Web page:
Inside Track

How Fans Are Returning to Stadiums and Live Games

As summer approaches, professional sports have turned a corner.

Last year, athletes competed in bubbles and empty stadiums. Things are beginning to change as the trickle of fans is becoming more of a steady stream. The realization has arrived for teams, players, and fans that while live sports have returned, the experience will be vastly different than the one before the pandemic.

It’s clear the game needs all of us back. Athletes can tell you how incredible it is to hear the fans cheering, and the fans can tell you how great it is to see their favorite players while catching games in familiar environments with the sights and smells of the game.

🏟 Fans Stream Back

So far, fans across the world have been heading back to stadiums to experience live games. Here’s a rundown of what we’ve seen over the past few months:

  • 147th Kentucky Derby: Official attendance was 51,838, becoming the largest crowd hosted at an American sporting event since the pandemic. That’s less than half of the venue’s normal capacity of 165,000.
  • Alabama spring football game: In Alabama, football is life. Their annual spring game, which kicks off the new season, saw 47,218 fans in attendance at Bryant-Denny Stadium. Its capacity of 100,077 makes it the tenth-largest stadium in the world.
  • 2021 NFL Draft: With last year’s draft being held virtually (instead of Las Vegas), the NFL rebounded with a multi-day event outside of FirstEnergy Stadium in Cleveland that saw 160,000 fans in attendance amidst tight security and health protocols in place. Compare that to the last in-person draft held in Nashville (600,000) and Philadelphia (250,000).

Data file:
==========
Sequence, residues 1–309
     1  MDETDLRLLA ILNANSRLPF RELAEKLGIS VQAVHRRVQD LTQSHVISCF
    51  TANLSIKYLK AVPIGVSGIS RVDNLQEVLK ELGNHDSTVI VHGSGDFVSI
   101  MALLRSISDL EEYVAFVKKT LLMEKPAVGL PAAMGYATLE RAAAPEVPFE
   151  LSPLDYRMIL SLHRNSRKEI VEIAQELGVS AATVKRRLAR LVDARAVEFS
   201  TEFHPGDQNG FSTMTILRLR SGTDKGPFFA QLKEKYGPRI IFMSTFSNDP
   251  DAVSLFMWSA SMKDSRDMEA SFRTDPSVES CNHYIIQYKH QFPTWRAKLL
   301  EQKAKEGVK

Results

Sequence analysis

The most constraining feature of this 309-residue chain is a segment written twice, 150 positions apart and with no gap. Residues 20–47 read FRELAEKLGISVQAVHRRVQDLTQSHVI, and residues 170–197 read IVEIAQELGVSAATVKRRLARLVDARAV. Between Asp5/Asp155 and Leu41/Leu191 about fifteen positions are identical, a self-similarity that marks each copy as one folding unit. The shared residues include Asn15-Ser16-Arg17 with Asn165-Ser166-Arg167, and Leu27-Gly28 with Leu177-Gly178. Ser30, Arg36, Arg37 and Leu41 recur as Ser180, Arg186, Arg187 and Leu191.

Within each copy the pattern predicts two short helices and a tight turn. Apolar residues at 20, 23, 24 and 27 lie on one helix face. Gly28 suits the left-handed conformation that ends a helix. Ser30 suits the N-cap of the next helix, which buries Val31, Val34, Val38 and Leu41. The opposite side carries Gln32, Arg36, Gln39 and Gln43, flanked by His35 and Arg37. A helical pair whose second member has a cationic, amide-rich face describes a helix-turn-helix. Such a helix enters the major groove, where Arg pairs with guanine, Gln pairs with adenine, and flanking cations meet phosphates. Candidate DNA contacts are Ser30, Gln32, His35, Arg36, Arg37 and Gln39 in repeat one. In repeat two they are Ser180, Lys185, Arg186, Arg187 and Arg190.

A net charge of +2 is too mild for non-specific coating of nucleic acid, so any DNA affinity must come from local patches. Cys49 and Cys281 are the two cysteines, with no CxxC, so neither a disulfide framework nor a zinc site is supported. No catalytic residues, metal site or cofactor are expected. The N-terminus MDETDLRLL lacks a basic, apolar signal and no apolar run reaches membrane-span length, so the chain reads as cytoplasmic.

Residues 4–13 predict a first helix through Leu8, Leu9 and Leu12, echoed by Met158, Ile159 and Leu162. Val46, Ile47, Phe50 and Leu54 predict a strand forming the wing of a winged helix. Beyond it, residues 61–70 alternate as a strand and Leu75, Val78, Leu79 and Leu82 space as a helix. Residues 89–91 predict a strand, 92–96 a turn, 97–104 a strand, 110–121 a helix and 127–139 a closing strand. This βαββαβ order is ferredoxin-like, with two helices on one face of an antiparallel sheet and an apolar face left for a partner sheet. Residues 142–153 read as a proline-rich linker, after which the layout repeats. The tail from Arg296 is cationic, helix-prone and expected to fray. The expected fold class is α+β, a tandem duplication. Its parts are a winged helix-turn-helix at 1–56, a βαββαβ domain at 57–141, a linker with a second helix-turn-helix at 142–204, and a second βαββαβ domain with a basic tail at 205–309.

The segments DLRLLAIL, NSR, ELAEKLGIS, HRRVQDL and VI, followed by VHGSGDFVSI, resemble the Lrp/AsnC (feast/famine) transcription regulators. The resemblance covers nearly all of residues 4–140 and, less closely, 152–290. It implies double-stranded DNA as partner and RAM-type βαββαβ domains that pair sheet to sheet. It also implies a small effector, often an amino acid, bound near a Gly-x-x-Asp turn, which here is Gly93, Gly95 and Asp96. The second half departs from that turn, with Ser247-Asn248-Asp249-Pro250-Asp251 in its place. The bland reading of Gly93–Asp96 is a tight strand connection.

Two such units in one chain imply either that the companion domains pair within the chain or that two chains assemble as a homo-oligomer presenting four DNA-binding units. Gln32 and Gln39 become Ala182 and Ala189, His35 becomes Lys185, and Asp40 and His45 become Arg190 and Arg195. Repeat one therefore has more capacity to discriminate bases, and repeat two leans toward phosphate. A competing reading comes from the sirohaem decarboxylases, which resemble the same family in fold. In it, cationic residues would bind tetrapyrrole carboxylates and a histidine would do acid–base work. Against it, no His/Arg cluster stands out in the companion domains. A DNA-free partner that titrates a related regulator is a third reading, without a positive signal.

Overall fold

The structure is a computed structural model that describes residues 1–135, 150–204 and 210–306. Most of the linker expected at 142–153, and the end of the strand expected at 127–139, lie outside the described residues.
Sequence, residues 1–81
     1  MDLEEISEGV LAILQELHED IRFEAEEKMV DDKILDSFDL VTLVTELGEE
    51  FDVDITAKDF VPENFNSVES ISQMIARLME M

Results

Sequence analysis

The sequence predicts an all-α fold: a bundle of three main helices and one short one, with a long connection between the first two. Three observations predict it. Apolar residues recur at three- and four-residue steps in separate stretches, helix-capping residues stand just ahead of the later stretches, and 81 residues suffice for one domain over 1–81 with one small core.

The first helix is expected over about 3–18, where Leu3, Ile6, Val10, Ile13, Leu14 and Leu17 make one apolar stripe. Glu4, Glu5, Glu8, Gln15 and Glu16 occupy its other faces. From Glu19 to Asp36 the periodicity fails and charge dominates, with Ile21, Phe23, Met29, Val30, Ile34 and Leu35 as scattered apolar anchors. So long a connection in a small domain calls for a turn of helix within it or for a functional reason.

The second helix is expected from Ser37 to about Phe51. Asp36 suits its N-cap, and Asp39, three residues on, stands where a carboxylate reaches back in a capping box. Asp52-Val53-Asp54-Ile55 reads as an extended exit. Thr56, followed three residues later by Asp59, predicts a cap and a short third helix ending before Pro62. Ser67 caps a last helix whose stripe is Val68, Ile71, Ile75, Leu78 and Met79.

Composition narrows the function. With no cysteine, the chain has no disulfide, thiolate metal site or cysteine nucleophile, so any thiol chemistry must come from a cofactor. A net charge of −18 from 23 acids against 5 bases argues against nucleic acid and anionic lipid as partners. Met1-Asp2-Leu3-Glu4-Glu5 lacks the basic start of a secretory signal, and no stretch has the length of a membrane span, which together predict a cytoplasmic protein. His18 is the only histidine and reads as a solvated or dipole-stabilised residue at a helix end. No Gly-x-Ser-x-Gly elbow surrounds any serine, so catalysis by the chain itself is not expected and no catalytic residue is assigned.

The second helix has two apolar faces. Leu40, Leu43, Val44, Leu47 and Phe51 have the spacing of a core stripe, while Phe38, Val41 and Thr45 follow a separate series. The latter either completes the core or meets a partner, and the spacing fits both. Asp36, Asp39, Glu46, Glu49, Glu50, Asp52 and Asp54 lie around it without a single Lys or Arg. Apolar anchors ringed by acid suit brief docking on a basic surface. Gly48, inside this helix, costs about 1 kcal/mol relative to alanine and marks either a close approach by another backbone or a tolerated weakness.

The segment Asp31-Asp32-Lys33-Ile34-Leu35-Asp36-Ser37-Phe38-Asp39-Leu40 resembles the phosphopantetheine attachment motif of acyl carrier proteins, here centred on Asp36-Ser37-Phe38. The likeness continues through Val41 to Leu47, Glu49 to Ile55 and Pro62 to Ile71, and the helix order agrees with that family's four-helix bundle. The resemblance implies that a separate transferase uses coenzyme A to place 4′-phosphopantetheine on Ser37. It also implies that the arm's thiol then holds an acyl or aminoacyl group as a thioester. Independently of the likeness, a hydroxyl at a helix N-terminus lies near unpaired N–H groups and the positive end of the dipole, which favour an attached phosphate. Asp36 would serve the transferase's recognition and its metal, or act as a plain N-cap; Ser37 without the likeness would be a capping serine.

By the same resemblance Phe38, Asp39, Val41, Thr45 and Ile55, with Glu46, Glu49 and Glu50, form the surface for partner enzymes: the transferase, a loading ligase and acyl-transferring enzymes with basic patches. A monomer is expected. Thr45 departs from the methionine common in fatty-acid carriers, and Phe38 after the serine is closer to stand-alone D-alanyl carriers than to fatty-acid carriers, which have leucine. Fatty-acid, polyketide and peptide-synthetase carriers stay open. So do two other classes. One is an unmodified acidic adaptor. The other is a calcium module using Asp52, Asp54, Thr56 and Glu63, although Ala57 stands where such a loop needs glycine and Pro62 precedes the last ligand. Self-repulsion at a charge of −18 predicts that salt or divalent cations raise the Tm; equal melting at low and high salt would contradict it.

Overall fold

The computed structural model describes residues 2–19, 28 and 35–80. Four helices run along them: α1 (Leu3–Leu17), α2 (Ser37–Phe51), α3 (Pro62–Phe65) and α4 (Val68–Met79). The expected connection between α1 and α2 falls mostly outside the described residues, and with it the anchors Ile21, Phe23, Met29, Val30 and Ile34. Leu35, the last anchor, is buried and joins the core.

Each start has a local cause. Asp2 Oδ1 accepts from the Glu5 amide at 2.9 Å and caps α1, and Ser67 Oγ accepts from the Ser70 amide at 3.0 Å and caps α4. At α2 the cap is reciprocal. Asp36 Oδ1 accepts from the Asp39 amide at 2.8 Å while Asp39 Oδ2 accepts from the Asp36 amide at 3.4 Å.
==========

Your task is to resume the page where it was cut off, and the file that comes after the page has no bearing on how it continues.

• Major League Baseball: By the time you read this, two teams (Texas Rangers and Atlanta Braves) will be operating home games at 100 percent capacity. The majority of the remaining teams are hovering between 20 and 40 percent.

📲 Cashless Is King

One of the biggest changes that will be driving every aspect of the in-game stadium experience revolves around going cashless. Since baseball has seen the most teams allow fans back to a major sport, it’s become a good litmus test to see how technology and safety advances are rapidly changing how many fans come back to the stadiums.

Today, 24 MLB teams are cashless and a handful are completely contactless, meaning that no cards or cash will exchange hands. In many instances, a fan can order food seamlessly from their mobile device without opening up a wallet.

In the NBA, fresh off a bubble postseason, most venues are much more limited capacity given how close fans used to be to the game. On television, NBA stadiums have advertising wrapped over seats for the first dozen or more rows and if fans are in attendance, they are extremely limited. A single team—the Oklahoma City Thunder—has no fans, while most of the league is operating around 20 percent or less of capacity. Again, like baseball, some of the in-venue operations are scaled back or entirely contactless.